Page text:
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Hey, Phred, Thanks for the Inaccuracies

Following up on her post last week asking about the accuracy of basecallers, Sandra Porter writes that she succeeded in her quest to find someone who had done a thorough study of chromatogram data processed with phred. Applied Biosystems and collaborators at Wash U and Baylor did work on this a few years ago in a review of 20,000 chromatograms. The upshot, in a quote from ABI's results: "Since phred replaces (and ignores) the initial called sequence, re-processing KB-analyzed samples with phred will, on average, degrade the accuracy of the analysis in terms of actual sequence error," according to the post.


The Scan

mRNA-Based Vaccine on the Way in China

China may soon have its own mRNA-based vaccine, according to Nature News.

Arranged Killing, Fraud Alleged by Prosecutors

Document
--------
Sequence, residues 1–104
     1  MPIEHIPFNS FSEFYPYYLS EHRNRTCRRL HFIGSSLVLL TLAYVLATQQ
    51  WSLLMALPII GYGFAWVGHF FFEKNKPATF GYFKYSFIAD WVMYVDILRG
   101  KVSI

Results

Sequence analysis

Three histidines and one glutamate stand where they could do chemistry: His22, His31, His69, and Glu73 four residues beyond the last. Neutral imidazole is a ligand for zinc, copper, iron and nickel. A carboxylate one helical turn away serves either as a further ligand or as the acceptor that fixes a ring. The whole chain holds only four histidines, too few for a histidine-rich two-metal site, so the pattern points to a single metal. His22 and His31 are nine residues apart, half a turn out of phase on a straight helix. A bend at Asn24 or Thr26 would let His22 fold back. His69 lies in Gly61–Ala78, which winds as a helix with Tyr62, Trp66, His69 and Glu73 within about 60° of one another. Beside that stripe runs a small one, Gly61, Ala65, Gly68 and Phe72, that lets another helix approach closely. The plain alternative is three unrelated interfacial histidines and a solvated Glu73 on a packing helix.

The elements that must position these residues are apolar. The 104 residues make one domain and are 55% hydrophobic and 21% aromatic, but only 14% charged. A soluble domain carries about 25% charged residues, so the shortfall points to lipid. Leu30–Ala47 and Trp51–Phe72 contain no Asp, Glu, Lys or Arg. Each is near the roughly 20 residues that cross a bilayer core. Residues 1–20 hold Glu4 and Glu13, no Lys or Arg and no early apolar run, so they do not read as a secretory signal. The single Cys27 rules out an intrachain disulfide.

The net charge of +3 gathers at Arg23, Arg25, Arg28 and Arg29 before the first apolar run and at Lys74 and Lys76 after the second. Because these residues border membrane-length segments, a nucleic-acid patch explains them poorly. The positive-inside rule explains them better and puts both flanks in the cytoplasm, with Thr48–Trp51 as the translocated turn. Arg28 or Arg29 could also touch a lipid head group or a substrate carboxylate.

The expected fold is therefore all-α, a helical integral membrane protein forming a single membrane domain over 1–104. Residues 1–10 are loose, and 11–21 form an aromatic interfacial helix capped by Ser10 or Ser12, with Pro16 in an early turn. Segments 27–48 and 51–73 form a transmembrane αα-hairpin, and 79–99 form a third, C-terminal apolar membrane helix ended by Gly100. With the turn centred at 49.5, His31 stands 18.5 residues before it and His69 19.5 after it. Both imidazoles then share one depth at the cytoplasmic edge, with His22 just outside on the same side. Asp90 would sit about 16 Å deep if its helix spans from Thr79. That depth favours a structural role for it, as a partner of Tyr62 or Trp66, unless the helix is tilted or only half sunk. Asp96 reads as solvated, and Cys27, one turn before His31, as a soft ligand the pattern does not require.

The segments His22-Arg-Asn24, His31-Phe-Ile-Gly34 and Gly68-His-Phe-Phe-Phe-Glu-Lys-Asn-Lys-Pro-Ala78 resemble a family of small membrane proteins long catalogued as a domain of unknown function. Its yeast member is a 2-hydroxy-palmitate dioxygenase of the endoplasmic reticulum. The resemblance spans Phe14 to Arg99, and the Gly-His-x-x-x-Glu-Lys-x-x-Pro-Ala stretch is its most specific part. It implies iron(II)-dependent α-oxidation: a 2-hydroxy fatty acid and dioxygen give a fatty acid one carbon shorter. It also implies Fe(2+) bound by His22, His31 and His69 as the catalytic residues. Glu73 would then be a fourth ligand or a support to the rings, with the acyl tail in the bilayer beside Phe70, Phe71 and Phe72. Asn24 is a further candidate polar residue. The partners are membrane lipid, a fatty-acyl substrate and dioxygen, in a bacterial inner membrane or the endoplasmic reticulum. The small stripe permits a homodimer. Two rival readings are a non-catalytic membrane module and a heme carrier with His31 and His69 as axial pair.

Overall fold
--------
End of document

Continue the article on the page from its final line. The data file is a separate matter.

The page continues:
The Wall Street Journal reports that prosecutors allege that the co-founder of a biotech arranged to have a business associate who threatened to expose him as a fraud killed.

Whirlwind Decade of CRISPR

The New York Times looks back at the 10 years since the University of California, Berkeley's Jennifer Doudna and her colleagues published their CRISPR paper.

PNAS Papers on Blue Cone Monochromacy Structural Variants, HIV-1 Mutant, T-ALL

In PNAS this week: structural variants linked to blue cone monochromacy, HIV-1 variants affecting the matrix protein p17, and more.